The three main characters – Meridian, Auntie, and Tens – are brought together quickly, which allows for the majority of the book to focus on how they interact as Meridian is learning about who she is and what that means. Meridian and Auntie bonded almost immediately, and although Meridian was hesitant about learning about being a Fenestra, she quickly trusted Auntie to teach her. The interactions between Meridian and Tens, however, were incredibly strained from the beginning, and even as they began opening up to each other, there still seemed to be awkwardness in the way they acted toward each other. Something that really bothered me in the story was that at one point in the story Meridian comes across letters relating to Tens. When she mentions these, he gets upset and she promises to give them to him so he can see them, but then nothing more is mentioned of them. Now this may be something that comes up in the next book, but it seemed to me like it was a forgotten thread. (If anyone reading this has read this book and I just missed when she went back to this, please let me know, because it does bother me that nothing came of this.)
Probably the strongest aspect of the story is Reverend Perimo. He’s an archetypal villain: easily capable of manipulating the masses, but so repulsively evil toward the hero of the story that there’s no choice but to absolutely despise him. His speeches to his congregants made me so mad that I literally slammed the book shut and had to take a break from reading because I wanted to strangle him, which is hard to do to a fictional character. I was actually a bit surprised at the way his storyline played out, but I won’t say anything more in order to avoid giving away too much of the ending.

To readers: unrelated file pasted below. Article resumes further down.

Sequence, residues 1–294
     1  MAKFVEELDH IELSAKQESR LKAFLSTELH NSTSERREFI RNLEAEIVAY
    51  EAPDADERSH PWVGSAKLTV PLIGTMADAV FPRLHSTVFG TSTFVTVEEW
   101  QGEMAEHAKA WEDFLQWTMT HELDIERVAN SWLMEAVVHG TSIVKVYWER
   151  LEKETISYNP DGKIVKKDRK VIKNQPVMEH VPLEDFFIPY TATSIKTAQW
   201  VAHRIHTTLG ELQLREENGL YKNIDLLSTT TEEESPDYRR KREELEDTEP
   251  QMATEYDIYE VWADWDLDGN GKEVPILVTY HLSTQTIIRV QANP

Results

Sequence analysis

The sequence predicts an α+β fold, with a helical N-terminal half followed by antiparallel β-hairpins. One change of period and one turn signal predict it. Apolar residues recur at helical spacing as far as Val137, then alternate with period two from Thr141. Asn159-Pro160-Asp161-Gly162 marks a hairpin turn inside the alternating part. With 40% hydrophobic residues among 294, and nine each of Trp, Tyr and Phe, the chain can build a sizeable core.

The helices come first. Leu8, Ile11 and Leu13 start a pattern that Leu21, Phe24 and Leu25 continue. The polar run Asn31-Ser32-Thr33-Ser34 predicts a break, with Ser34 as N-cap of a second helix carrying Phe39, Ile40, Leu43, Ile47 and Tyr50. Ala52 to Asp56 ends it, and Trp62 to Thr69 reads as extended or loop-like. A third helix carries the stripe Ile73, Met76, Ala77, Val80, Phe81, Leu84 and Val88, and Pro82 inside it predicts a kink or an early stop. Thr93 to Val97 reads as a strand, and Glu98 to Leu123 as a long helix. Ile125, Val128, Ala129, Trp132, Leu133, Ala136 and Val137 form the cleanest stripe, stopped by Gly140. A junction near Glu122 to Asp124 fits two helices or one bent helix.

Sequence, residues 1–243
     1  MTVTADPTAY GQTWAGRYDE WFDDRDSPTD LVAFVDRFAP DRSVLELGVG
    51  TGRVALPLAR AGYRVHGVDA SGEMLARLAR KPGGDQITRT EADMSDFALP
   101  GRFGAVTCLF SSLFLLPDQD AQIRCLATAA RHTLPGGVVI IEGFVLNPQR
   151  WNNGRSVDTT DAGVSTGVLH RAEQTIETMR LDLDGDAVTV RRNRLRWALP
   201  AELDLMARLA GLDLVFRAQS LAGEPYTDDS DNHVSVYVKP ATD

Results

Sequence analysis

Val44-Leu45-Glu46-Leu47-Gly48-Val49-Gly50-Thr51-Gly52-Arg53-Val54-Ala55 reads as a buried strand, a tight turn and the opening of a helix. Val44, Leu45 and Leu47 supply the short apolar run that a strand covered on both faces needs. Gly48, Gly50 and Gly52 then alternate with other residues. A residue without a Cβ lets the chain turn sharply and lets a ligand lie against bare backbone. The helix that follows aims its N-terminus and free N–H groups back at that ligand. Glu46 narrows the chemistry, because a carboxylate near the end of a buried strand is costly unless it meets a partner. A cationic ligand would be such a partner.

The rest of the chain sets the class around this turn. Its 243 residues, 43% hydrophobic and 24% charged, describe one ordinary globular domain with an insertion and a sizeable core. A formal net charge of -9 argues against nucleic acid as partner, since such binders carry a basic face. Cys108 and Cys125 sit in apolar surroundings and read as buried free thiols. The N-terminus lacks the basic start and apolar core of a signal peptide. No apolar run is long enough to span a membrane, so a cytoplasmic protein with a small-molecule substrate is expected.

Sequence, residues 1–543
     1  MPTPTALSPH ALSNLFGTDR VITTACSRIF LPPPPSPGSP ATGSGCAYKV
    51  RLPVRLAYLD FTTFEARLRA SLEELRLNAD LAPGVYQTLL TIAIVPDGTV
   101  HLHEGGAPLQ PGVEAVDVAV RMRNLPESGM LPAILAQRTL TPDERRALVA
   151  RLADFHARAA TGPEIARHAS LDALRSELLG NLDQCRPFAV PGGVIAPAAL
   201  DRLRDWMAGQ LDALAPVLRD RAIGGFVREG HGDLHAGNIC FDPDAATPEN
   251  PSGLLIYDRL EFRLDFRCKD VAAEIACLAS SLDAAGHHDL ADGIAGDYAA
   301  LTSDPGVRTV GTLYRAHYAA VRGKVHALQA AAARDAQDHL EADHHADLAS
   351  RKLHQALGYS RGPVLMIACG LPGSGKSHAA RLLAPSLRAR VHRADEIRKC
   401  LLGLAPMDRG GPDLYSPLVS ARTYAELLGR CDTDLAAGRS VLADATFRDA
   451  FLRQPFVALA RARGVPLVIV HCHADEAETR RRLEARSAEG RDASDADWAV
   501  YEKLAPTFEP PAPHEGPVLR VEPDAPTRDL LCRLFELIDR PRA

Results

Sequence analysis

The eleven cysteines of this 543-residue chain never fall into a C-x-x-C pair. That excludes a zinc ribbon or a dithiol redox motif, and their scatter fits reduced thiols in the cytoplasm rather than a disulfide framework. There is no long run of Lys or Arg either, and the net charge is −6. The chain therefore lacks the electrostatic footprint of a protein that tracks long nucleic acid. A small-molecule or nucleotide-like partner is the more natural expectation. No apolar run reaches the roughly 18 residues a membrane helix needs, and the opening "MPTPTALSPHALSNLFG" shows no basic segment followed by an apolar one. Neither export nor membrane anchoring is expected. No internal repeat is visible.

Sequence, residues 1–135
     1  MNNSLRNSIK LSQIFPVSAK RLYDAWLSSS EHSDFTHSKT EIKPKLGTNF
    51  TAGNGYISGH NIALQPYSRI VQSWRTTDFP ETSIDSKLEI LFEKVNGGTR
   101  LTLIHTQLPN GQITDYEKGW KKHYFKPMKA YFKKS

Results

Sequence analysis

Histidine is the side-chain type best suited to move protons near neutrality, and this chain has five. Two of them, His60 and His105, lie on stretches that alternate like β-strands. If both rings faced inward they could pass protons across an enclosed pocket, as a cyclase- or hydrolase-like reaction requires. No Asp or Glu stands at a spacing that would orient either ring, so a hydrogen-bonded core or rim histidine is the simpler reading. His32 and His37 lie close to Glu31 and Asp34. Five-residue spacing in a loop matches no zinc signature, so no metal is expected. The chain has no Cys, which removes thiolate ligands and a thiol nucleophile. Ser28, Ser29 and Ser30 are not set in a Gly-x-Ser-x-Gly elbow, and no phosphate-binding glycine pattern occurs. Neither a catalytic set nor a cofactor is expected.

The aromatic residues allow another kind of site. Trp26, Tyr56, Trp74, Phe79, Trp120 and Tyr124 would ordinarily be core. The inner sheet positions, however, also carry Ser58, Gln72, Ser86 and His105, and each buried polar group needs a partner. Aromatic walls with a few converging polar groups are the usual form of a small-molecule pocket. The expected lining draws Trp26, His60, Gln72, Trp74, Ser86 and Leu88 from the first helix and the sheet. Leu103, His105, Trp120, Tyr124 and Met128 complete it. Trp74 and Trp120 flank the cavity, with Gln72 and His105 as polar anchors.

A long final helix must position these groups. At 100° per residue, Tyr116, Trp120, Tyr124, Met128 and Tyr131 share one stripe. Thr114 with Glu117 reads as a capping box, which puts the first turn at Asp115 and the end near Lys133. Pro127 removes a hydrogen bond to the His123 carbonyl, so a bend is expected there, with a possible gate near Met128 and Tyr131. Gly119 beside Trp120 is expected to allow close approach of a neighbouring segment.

What drew me to this book in the first place was the idea of the Fenestra. There are a lot of aspects of what they do and who they are that I don’t understand yet. Hopefully more answers will come in the subsequent book(s), because I think the story will be even more interesting with more knowledge of the Fenestra. ( )
  ericajsc | Mar 29, 2010 |
Meridian has always known death. As a baby insects and rodents would die around her and as she got older the creatures got bigger. On her 16th birthday Meridian looks forward to nothing more than being away from school and the stresses of appearing normal. But, when a fatal accident takes place outside her home Meridian is rushed off to find her destiny with an aunt she never knew and a destiny she may not have a choice in accepting.

Although this book seems to follow the standard outline of teen discovers unknown powers, a mentor, true love and a test of courage, this one makes it all seem fresh. Despite not being religious myself I've always been enamored of the angel mythology and so far as that goes, this tale is rather unique. This story could remain as a singular telling but it does leave us in a place to begin a quest based series which is interesting. I enjoyed all the characters, predictably especially Tens. As far as comparisons with the rest of my supernatural ya reading so far I'd place this somewhere between Twlight, a favorite and Shiver which I thought was pretty good but not heart-stoppingly wonderful.

I certainly wouldn't hesitate to pick up the next one of the series should the author decide to keep on with it. ( )
  Jenson_AKA_DL | Mar 2, 2010 |
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Amazon.com Product Description (ISBN 0385736681, Hardcover)

Half-human, half-angel, Meridian Sozu has a dark responsibility.

Sixteen-year-old Meridian has been surrounded by death ever since she can remember. As a child, insects, mice, and salamanders would burrow into her bedclothes and die. At her elementary school, she was blamed for a classmate’s tragic accident. And on her sixteenth birthday, a car crashes in front of her family home—and Meridian’s body explodes in pain.

Before she can fully recover, Meridian is told that she’s a danger to her family and hustled off to her great-aunt’s house in Revelation, Colorado. It’s there that she learns that she is a Fenestra—the half-angel, half-human link between the living and the dead. But Meridian and her sworn protector and love, Tens, face great danger from the Aternocti, a band of dark forces who capture vulnerable souls on the brink of death and cause chaos.

(retrieved from Amazon Thu, 12 Mar 2015 18:18:53 -0400)

On her sixteenth birthday, Meridian is whisked off to her great-aunt's home in Revelation, Colorado, where she learns that she is a Fenestra, the half-human, half-angel link between the living and the dead, and must learn to help human souls to the afterlife before the dark forces reach them.… (more)